Tech startups are engines of innovation, economic growth, and job creation. Yet U.S. visa policies may be preventing startups from hiring the highly skilled foreign professionals they need to succeed.

A new study looks at foreign and U.S.-born workers who recently graduated from American universities. Researchers specifically wanted to see where foreign workers with a PhD in science, technology, engineering, and math (STEM) got their first jobs after graduating.

Foreign workers are just as likely to apply for and receive job offers from startups as U.S. citizens, the study found. Yet foreign workers are 56% less likely to work for a tech startup once they’ve completed their degree.

This disparity is significant. Roughly half of all doctorate holders in computer science and engineering are foreign-born—meaning that startups are missing out on a large share of the high-skilled workforce.

Cutting out a significant piece of tech startups’ potential labor force hurts the companies (which may struggle to stay afloat with a reduced pool of candidates). But it also means the United States is losing the innovation and job creation that these U.S.-educated foreign workers could bring.

Foreign workers also face difficulties because they may have to depart the United States if they cannot transition from post-graduate training as a student to H-1B status due to the annual limit exceeding the demand—even if a startup is willing to sponsor them for temporary employment. Even when sponsored for permanent employment, foreign nationals face lengthy waits for many employment-based categories, particularly if they were born in China or India.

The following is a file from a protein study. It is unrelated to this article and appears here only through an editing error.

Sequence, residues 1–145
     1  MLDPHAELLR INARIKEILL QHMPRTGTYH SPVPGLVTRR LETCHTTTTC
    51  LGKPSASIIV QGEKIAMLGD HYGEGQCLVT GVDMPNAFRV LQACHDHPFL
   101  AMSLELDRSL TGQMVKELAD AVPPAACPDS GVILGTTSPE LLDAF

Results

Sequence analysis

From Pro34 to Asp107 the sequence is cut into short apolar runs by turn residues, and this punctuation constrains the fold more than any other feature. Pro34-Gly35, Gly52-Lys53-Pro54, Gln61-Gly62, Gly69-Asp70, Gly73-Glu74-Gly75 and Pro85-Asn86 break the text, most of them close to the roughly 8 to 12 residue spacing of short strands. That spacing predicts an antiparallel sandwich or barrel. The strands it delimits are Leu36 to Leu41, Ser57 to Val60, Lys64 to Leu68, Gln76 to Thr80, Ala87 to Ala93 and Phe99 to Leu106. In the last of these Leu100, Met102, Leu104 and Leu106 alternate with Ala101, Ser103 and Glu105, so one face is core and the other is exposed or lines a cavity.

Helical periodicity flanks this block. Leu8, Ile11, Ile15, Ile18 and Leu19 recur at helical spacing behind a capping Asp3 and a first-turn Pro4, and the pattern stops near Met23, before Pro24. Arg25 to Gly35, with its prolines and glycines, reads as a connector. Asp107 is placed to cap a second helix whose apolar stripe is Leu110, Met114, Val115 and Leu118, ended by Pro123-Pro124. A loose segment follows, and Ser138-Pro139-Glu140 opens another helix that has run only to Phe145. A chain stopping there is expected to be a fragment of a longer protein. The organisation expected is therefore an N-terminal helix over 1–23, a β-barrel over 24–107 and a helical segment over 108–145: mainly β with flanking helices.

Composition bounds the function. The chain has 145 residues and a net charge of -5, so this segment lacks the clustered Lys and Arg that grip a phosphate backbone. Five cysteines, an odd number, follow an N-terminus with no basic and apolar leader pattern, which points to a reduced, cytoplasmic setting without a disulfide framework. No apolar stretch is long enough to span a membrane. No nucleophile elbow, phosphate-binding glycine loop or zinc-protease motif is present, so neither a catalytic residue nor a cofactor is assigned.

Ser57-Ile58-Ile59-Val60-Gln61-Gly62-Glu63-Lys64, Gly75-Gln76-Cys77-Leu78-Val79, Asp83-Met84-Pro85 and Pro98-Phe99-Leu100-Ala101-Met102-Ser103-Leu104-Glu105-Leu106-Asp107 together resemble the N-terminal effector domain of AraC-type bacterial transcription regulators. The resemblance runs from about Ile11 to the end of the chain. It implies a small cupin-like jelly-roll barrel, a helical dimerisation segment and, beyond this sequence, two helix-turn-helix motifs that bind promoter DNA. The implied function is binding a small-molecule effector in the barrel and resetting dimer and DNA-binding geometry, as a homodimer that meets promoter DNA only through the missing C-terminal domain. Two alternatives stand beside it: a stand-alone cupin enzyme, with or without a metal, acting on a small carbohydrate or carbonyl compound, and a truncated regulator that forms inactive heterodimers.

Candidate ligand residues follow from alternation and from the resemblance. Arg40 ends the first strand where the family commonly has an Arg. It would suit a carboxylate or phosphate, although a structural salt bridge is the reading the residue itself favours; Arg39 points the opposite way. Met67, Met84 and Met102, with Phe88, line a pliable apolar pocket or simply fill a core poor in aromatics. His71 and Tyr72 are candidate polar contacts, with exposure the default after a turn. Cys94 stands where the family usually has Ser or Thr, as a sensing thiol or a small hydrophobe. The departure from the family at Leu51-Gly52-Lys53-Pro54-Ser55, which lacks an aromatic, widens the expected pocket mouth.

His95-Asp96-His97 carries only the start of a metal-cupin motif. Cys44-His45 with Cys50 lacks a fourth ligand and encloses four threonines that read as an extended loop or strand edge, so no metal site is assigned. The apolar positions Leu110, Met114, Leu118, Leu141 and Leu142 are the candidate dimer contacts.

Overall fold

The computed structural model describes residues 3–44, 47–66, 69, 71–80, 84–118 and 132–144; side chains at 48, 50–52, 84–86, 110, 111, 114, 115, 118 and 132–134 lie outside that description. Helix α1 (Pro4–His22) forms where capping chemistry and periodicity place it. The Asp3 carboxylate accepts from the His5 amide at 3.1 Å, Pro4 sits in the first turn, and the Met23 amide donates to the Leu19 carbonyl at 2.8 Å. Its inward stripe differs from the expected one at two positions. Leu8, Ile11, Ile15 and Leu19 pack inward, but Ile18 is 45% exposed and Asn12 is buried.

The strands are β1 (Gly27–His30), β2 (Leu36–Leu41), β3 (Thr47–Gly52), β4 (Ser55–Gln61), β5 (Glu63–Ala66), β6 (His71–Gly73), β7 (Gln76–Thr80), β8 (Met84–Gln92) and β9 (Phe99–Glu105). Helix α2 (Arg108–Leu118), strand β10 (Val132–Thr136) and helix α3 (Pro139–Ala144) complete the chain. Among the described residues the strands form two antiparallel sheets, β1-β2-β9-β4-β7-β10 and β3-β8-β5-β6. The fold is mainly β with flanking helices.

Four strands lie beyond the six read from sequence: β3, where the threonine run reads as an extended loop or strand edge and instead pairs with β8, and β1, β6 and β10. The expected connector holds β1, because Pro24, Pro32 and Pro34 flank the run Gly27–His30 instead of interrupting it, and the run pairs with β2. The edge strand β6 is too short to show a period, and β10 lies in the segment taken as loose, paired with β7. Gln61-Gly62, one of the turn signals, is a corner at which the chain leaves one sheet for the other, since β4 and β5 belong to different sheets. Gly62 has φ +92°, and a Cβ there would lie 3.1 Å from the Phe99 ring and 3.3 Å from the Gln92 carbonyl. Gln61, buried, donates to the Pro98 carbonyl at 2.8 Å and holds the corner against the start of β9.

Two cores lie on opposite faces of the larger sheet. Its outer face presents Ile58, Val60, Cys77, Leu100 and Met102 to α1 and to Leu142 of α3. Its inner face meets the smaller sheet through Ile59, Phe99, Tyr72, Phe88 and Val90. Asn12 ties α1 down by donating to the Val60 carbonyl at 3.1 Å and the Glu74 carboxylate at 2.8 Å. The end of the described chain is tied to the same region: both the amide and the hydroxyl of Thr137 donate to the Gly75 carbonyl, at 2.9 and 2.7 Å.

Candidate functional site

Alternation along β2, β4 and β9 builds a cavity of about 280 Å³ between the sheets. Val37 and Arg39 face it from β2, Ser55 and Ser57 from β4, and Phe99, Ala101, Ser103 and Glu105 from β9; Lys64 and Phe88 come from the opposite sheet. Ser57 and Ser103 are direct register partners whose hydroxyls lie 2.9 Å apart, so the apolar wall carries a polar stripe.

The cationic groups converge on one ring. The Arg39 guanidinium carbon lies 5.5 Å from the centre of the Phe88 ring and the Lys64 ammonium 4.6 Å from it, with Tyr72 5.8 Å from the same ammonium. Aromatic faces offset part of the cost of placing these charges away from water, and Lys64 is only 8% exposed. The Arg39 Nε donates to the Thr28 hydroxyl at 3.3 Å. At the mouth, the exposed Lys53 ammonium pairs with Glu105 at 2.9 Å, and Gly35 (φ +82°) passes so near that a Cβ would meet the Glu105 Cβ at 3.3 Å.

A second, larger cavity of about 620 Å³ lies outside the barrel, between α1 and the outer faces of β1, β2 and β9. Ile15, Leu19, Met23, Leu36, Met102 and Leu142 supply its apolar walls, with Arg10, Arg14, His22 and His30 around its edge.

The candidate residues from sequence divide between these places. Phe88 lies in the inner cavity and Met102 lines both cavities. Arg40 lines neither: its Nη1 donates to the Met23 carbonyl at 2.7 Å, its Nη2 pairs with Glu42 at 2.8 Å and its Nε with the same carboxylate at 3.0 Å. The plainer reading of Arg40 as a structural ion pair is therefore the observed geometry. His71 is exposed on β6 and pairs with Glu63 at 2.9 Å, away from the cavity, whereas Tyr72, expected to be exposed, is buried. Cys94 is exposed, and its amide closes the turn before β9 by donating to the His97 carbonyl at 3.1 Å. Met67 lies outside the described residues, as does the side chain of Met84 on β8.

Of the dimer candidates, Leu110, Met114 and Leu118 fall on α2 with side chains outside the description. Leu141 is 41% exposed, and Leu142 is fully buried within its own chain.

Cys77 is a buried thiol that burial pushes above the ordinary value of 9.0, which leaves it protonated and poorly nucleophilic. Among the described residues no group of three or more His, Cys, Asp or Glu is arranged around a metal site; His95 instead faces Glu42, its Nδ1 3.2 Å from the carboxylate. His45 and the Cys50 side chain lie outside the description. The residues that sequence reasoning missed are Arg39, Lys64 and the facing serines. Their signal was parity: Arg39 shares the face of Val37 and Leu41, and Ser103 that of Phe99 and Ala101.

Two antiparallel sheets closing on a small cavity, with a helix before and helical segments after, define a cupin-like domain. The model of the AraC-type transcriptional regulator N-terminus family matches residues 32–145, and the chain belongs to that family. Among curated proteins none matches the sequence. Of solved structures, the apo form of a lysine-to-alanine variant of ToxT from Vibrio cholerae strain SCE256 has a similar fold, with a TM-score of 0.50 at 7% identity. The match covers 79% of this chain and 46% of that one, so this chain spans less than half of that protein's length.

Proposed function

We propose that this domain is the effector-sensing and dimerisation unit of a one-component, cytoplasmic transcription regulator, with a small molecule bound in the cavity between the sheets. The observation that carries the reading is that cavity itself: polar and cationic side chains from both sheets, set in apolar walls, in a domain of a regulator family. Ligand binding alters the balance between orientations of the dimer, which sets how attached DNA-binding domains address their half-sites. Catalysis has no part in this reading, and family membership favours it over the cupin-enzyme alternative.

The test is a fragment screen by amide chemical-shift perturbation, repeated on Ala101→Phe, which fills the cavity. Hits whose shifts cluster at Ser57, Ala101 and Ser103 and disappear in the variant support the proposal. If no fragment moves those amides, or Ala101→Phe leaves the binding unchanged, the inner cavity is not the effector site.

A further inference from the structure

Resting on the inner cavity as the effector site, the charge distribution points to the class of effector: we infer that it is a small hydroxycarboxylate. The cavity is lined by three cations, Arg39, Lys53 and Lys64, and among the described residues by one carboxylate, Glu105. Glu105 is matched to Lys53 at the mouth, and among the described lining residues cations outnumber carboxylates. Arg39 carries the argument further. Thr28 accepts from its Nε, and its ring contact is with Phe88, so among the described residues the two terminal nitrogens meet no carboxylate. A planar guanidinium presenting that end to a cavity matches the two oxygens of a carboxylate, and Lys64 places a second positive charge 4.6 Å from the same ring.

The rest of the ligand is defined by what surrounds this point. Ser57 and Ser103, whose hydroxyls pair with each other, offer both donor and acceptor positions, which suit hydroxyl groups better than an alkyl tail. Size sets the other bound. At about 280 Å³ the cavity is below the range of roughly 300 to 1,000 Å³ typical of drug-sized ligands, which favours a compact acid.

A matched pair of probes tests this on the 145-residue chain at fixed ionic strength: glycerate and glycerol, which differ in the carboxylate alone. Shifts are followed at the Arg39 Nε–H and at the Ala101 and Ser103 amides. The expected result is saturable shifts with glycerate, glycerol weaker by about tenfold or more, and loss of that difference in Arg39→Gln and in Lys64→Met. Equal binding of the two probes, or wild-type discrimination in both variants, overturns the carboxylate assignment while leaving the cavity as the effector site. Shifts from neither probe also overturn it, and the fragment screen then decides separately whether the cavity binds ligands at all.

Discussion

Many startups are unable to effectively tap into this reservoir of talent because they do not have the resources to complete the laborious process of sponsoring potential foreign workers so they can apply for green cards.

To sponsor a worker, the report estimates that a startup would need to spend between $5,000 to $10,000 in filing and attorney fees complying with the requirements of federal agencies and wait months, if not years, to complete the various stages of the green card process. This is beyond the reach of many small startups that lack dedicated human resources departments.

This means foreign workers just entering the labor force have a better chance of getting a green card if they work for a larger, established company than for a small startup.

After they receive their green card, however, they have much more freedom of movement. The study finds that foreign-born PhDs who get their green cards while working at a larger company are more likely to move on to a startup than to another large company.

Foreign-born PhDs in this country know that startups are where the action is in the high-tech economy. But, in considering their futures, they also need to take into account which companies are best equipped to invest the time and money that is needed to help them secure green cards. Without green cards, they might be unable to work in the United States at all and be obligated to return to their home countries.

Unfortunately, this system leaves startups at a disadvantage—unable to hire a great many talented professionals just as they are graduating from U.S. universities with their STEM doctorates in hand.

Both startups and the U.S. economy would benefit from a green-card application process that is simpler and less expensive than the current process. For example, what if foreign nationals with a U.S. STEM PhD degree could apply for a green card after graduation without being subject to the annual numerical limitations? Doing so would foster innovation, growth, and job creation.